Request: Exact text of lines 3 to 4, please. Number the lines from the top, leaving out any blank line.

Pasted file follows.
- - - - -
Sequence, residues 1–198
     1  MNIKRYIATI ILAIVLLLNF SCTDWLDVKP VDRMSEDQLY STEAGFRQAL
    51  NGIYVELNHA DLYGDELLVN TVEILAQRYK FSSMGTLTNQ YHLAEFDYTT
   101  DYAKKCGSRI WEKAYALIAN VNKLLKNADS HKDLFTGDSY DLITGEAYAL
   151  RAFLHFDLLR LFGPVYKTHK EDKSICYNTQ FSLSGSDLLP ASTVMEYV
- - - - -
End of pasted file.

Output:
    51  NGIYVELNHA DLYGDELLVN TVEILAQRYK FSSMGTLTNQ YHLAEFDYTT
   101  DYAKKCGSRI WEKAYALIAN VNKLLKNADS HKDLFTGDSY DLITGEAYAL